Study: If Obamacare is Repealed, 19,000 Mainers Will Lose Mental Health, Drug Treatment
More than 19,000 Mainers will lose access to mental health and drug treatment if the Affordable Care Act is repealed, according to researchers at Harvard and New York University.
At a time when drug overdose deaths are at an all time high in Maine, health care advocates say the push by Republicans in Congress to repeal the ACA with no clear replacement will make the problem even worse.
Eleven-thousand Mainers insured by marketplace plans receive mental health treatment, according to the Harvard and NYU study. Another 8,000 receive treatment for substance use disorder. Study co-author Dr. Sherry Glied of NYU points out that these are people who, prior to the ACA marketplace, largely found health insurance unavailable or unaffordable.
“If the marketplace is repealed, those people would presumably go back to where they were before the law passed, and that is uninsured,” she says.
Glied says taking away insurance coverage runs counter to efforts across the country to battle an opioid epidemic.
Mallory Shaughnessy of the Alliance for Addiction and Mental Health Services in Maine sees it in more stark terms.
“We have people dying every day, and this will just increase that,” she says.
Last year, Maine saw its highest number ever for drug overdose fatalities: 286 by the end of September. That beat the record-setting number from the year before, which had 272 deaths. As the state grapples with an increasing number of deaths, Shaughnessy says treatment options aren’t keeping pace, especially for the uninsured.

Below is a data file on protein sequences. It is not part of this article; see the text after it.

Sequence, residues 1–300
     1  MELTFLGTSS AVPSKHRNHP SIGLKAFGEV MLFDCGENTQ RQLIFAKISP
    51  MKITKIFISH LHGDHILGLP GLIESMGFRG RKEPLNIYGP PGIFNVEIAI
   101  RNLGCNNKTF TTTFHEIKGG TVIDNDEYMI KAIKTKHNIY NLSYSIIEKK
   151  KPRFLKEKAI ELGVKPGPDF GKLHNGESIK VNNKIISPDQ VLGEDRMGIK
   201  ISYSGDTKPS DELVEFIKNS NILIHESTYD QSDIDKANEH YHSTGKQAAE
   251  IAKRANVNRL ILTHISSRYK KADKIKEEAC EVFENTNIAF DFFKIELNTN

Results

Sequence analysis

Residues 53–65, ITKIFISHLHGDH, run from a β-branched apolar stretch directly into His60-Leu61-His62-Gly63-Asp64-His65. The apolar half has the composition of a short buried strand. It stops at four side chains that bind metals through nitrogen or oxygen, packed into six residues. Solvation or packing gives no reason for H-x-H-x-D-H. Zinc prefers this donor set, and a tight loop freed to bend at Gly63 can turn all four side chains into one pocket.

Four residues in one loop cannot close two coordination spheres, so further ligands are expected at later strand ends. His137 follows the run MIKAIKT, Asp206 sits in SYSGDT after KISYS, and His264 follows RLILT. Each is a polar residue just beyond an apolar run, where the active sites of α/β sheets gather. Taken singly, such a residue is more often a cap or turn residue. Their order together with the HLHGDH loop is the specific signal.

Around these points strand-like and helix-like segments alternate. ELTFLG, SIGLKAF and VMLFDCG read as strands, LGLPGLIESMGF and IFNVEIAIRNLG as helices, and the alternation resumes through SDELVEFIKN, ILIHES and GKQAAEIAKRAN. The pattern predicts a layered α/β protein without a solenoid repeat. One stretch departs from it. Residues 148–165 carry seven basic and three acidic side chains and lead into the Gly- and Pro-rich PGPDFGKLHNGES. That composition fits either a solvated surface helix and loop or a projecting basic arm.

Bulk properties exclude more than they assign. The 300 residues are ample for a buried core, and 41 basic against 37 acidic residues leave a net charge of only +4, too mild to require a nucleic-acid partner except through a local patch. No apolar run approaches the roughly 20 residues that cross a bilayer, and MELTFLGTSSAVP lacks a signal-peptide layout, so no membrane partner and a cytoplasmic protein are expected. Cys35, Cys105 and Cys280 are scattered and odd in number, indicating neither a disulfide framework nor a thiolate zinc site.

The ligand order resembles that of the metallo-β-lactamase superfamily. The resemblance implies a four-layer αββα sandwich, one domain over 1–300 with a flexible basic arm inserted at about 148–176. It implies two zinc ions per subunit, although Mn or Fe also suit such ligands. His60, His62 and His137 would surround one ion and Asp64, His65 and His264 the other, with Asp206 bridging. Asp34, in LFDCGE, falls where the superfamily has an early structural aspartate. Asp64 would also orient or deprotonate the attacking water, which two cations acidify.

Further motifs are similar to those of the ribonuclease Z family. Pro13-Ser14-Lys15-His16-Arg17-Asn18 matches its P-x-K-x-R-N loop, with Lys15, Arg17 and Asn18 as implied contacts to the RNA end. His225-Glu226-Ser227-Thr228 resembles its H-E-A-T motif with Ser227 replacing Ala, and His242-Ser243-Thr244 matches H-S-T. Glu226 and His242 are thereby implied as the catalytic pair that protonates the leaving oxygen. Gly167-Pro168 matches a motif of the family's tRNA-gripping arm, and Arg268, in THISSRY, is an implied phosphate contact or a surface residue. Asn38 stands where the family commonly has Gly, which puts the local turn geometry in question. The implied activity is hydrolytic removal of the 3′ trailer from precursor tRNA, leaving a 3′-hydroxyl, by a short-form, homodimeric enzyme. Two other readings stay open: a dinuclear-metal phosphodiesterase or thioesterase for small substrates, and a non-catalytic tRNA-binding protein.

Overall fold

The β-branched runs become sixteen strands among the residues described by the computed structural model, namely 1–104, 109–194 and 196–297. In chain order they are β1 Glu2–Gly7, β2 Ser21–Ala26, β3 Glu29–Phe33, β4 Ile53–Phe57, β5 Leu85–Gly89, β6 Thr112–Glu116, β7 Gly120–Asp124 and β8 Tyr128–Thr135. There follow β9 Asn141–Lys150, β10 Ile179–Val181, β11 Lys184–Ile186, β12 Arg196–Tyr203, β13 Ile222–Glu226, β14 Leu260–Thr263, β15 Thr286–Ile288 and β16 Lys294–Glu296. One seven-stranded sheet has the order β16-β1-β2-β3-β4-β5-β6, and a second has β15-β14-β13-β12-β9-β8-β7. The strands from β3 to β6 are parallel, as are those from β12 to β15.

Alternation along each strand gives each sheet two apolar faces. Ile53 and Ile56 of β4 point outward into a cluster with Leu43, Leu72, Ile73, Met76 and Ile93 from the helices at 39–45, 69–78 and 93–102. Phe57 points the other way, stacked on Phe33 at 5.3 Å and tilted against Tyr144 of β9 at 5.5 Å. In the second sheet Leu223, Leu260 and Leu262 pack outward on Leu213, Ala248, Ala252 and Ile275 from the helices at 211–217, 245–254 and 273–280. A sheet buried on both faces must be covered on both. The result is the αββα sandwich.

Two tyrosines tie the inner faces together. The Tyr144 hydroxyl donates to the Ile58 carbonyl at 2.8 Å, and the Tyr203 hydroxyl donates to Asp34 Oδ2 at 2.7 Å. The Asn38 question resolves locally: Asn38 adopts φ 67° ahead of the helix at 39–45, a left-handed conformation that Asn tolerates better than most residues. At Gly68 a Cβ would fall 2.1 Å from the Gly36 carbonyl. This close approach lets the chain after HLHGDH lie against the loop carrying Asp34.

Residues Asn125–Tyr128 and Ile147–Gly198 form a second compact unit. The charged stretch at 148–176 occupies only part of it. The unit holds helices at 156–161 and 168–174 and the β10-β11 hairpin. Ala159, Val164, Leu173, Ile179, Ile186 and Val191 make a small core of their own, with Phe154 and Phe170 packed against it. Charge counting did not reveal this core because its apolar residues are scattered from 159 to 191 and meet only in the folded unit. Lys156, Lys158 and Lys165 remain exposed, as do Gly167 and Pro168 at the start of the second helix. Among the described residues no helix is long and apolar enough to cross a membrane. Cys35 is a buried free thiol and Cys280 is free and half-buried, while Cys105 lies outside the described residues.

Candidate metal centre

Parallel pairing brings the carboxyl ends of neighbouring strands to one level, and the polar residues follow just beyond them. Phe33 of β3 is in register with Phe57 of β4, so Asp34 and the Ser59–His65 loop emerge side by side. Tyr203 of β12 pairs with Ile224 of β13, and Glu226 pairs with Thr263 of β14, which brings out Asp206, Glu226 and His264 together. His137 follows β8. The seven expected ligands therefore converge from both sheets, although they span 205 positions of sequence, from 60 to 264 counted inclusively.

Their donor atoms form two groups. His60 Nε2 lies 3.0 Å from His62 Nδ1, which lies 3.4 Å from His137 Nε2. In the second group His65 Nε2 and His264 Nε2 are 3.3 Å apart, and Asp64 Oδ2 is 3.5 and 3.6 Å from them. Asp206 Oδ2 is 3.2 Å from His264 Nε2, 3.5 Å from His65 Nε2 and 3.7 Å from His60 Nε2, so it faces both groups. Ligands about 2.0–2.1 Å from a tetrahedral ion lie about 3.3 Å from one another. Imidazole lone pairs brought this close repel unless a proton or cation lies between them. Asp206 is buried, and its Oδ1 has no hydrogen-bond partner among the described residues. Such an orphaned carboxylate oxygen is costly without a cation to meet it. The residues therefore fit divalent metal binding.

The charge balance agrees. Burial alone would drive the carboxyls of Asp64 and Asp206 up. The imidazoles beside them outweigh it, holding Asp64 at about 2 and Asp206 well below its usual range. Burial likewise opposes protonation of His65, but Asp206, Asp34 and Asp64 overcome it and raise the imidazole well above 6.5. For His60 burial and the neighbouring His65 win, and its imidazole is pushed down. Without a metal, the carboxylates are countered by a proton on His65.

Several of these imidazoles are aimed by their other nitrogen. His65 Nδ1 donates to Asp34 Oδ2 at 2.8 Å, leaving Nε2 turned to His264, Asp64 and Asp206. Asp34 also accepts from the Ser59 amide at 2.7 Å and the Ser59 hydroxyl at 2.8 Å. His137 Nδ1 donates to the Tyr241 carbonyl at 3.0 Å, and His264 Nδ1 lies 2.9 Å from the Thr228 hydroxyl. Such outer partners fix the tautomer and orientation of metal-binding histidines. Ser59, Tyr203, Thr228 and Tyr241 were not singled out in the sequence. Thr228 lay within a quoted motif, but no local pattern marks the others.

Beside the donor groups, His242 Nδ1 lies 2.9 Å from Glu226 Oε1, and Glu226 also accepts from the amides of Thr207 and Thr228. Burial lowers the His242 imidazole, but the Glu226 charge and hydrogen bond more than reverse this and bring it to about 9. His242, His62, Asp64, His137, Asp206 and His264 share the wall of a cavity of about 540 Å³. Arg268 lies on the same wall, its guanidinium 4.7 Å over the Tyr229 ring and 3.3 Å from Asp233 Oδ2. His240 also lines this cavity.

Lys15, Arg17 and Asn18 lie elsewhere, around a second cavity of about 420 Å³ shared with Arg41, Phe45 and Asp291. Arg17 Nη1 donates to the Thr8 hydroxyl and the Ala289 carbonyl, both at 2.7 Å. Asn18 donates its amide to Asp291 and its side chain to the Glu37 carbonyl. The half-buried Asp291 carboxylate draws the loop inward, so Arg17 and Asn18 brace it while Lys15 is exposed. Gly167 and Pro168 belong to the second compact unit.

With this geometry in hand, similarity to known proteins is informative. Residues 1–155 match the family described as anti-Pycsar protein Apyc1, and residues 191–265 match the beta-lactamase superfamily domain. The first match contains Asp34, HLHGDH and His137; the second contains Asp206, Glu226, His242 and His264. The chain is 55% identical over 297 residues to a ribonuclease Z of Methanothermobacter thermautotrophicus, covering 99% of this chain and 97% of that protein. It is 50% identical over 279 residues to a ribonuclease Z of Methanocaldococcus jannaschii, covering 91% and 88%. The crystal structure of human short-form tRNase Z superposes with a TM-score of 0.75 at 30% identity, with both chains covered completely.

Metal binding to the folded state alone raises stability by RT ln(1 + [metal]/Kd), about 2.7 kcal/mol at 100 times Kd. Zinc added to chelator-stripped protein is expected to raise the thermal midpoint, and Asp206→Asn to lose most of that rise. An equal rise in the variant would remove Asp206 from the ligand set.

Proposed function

“We are not giving access to treatment to all the people who currently need treatment. And yet we’re going to throw thousands more out of the system and deny them treatment,” she says.
The potential repeal of the ACA not only means the loss of insurance coverage, it also means the loss of provisions in the law that expanded access to behavioral health treatment.
Though President-elect Donald Trump says the ACA won’t be repealed without a replacement plan, Emily Brostek of Consumers for Affordable Health Care says currently, those replacements appear inadequate.
.”What you see by looking at the different replacements as a whole, is we’re talking about less coverage for people. We’re talking about generally higher deductibles, and fewer benefits being covered,” she says.
And when it comes to behavioral health in particular, Glied says cost matters.
“If you have a heart attack, even if you have a really high co-insurance or deductible, you’re still going to go to the hospital. Even if you have to pay out of pocket, you’re still going to go to the hospital,” she says. “If you have depression, that’s actually going to be much more of a problem. So if you have to pay out of pocket for your depression treatment, you probably won’t go.”
Glied also points out that Congress just passed the 21st Century Cures Act, which dedicates funding to increase the infrastructure for opioid treatment. But if people can’t use that treatment because they don’t have insurance, Glied says, it does little good.